Cost-effectiveness: Treat prisoners with Sovaldi now, save money later
- Researchers published a cost-effectiveness analysis in the Annals of Internal Medicine arguing that treating the 500,000 currently incarcerated hepatitis C (HCV)-infected prisoners with Sovaldi (sofosbuvir) could save money long-term for Medicaid systems that would otherwise have to support the prisoners' treatment upon their release.
- The U.S. Federal Bureau of Prisoners already recommends Sovaldi and gets a 44% discount on the drug through the U.S. Department of Veterans Affairs.
- Despite discounts and arguments for cost-effectiveness, many prison officials still express concern that the system can't afford to treat HCV-infected prisoners with Sovaldi.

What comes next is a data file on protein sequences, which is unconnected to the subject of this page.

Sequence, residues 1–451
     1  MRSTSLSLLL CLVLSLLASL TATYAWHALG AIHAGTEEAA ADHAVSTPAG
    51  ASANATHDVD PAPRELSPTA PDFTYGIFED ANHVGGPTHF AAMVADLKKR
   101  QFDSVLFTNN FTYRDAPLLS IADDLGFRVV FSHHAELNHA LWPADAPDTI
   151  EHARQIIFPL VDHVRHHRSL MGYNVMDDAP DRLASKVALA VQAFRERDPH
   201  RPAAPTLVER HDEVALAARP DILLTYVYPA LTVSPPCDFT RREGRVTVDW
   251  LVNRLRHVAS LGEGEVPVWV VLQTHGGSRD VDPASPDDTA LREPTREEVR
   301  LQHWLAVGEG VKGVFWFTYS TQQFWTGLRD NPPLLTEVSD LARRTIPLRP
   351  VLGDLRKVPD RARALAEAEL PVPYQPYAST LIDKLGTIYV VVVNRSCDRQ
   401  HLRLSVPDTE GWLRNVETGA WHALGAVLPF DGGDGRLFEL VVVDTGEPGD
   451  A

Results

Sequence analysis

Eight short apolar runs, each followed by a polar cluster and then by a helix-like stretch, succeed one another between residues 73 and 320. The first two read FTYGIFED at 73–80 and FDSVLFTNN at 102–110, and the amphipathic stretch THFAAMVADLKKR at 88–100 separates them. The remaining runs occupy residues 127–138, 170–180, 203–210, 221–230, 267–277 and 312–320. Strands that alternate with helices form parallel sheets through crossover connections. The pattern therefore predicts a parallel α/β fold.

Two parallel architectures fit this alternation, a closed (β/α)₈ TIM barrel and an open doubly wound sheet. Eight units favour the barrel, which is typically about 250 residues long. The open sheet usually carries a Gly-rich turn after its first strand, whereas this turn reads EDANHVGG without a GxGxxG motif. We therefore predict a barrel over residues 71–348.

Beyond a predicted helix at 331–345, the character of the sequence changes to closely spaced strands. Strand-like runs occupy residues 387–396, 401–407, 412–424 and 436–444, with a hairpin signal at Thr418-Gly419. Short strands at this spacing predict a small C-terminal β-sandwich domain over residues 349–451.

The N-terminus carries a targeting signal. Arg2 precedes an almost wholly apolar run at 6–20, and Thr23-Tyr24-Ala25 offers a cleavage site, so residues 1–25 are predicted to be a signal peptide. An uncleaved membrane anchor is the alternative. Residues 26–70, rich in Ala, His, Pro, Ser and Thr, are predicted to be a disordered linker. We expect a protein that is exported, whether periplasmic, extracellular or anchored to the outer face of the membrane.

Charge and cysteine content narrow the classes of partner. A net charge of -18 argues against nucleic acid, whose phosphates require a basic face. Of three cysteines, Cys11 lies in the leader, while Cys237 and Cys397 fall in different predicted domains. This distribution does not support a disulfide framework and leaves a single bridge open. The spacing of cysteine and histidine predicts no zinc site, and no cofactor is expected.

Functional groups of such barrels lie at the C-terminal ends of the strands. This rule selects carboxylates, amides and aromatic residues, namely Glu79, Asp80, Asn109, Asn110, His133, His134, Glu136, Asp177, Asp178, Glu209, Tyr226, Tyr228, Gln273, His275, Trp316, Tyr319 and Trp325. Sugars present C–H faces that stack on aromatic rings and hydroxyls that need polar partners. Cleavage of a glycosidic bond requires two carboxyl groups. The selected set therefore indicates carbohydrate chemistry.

In light of the long-term consequences of untreated HCV-1, which include liver cancer, the argument for spending big on treatments like Sovaldi now in exchange for future savings hold a lot of merit. But even though this logic is supported by solid pharmacoeconomic analysis, the cost of current treatment for prisons (which can be as high as $30 billion) is still considered by many to be far too steep.
You can read an abstract of the Annals of Internal Medicine study here.